2. Don’t be a dick
This is really a continuation of point one, but it is still pretty hard for some people to grasp. To flip things around for a minute, I am no kind of celebrity, and even I get an unbelievable amount of questions/requests from people that basically amount to: ‘Please give up your time and mental energy, to me, a man you have never met before, for no reason that I’m prepared to outline, and for free.’ I can only imagine how much that gets amplified if you’re a guy who is actually even semi-famous.
There’s a better way to approach this.
First, recognise that there are basically three ways you can approach people you haven’t met before, whether they’re world-renowned, moderately well-known or just someone you’d like to talk to – for the sake of clarity and because I’ve already got a numbered list going, let’s call them A, B and C:
A) Please give me what I want (time/advice/expertise/quotes) for basically nothing in return.
B) Here’s why you should give me what I want: this could be ‘I’ve already done this much on my own and now I need help’ or ‘I can help you in return’ or something similar.
C) I don’t want anything: but here’s something that might help you out.
Obviously, your approach should be either B or C – and the internet has made C far, far easier. If you want to chat to someone, then chat to them – don’t ask them for stuff straight out of the gate, just interact with them like you would (hopefully) any other human. This could be anything: from a link to something they might find interesting (not your stuff, unless it’s super-relevant) to an area of expertise you can help them with (for instance, a well known-ish adventurer recently asked me for some bench-press tips). You aren’t Hannibal Lecter, and not everything has to be quid-pro-quo. This can be simple, or complicated: comment on someone’s blogposts, letting them know which ones you like (and why). Drop them a Tweet about something they might find interesting. Be sincere – people can (in my experience) tell when you’re doing it.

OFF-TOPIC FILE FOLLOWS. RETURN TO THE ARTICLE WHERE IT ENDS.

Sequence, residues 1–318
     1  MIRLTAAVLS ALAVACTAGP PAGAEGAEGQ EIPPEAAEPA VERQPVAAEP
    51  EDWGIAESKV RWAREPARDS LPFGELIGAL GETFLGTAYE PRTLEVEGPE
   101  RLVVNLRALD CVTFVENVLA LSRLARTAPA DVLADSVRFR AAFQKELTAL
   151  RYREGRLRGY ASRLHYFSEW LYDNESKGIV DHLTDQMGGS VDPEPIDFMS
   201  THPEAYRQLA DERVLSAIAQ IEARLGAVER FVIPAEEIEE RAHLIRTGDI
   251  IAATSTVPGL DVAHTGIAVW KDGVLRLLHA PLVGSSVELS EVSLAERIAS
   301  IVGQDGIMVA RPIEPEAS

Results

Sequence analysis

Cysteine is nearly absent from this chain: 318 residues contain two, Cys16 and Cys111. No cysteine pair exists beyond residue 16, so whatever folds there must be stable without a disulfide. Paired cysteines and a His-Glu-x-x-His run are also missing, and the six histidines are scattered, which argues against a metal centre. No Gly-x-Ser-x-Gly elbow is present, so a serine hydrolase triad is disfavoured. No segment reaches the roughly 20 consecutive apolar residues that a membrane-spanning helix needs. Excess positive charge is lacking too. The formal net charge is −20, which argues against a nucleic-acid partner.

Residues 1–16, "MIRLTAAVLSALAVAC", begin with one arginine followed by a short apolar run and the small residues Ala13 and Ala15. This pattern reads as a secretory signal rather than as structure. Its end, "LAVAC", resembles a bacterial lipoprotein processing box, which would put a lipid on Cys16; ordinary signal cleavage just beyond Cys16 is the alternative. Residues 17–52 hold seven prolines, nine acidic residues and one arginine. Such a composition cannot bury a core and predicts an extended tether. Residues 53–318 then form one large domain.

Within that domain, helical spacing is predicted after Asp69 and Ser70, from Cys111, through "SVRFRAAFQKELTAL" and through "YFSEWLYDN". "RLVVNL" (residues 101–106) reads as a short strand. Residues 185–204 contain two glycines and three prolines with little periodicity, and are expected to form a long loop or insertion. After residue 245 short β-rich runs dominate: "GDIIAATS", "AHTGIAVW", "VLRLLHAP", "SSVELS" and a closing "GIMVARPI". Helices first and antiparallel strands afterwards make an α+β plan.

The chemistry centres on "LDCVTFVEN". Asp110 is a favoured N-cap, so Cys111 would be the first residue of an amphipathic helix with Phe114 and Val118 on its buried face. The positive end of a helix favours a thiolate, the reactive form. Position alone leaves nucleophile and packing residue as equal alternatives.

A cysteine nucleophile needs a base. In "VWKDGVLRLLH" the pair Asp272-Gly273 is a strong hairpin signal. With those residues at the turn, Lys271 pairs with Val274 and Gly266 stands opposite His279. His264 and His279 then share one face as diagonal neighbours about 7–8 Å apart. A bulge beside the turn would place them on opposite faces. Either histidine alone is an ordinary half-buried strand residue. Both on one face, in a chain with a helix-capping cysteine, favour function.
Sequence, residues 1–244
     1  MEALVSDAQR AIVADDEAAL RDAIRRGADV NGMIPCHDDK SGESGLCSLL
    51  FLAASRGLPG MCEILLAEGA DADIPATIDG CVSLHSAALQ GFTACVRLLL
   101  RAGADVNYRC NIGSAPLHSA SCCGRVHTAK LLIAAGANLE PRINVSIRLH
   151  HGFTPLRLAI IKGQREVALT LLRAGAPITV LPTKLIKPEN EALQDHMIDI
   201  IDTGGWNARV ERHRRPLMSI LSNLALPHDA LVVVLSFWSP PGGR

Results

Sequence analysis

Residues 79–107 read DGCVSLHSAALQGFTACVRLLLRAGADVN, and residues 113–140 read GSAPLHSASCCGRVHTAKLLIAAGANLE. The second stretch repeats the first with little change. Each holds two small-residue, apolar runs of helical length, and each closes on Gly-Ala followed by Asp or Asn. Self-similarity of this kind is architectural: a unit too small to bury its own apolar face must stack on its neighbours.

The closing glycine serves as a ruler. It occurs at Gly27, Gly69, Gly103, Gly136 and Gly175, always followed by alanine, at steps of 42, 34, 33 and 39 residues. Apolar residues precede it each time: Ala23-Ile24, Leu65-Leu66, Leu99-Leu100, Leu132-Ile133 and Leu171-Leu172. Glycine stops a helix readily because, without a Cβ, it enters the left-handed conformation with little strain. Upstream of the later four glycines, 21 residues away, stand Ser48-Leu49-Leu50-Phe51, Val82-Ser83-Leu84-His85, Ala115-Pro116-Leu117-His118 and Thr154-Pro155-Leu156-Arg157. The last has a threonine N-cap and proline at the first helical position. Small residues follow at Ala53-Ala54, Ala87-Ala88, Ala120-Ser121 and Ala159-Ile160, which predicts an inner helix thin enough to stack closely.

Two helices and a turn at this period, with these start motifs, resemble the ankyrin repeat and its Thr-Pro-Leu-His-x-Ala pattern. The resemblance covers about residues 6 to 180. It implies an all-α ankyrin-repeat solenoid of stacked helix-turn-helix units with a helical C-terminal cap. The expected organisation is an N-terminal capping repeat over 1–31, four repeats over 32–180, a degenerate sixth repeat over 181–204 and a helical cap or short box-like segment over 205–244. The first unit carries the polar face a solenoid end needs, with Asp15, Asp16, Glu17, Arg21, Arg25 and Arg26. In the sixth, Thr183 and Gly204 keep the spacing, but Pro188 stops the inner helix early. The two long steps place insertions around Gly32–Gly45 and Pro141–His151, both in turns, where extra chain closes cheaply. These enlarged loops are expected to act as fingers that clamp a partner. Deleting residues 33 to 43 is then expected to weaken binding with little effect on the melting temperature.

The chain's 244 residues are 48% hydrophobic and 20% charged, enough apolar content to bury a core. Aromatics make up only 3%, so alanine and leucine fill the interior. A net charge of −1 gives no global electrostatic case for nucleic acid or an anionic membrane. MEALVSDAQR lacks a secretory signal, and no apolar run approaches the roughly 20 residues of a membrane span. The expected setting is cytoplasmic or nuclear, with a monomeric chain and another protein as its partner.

Here’s Ravi again:
‘Once upon a time I was in a situation where I thought I could contribute to something one of the best programmers in the world was working on so I sent an email (I got the address from his webpage) and said something to the effect of ” you say on this webpage you need this code and I have been working on something similair in my spare time and I could write the rest for you over the next few months because I am interested in what you are doing” and I got a 2 line reply which said (paraphrased) ” A lot of people write to me saying they’ll do this , but I’ve never seen any code yet so I am a little skeptical. Don’t take it personally. Thanks. bye.”.
So in the next email I sent him a zipped file of code with an explanation that “this is what I’ve done so far which is about 70% of what you want” and he immediately replied saying “Whoa you are serious. That is refreshing .. ‘ and opened up completely, giving me a lot of useful feedback and very specific advice. He is a (very valued) mentor to this day.’
How do you talk to people you respect? The same as you (hopefully) talk to anyone else: be friendly, and helpful, and non-dickish and anyone decent will do the same.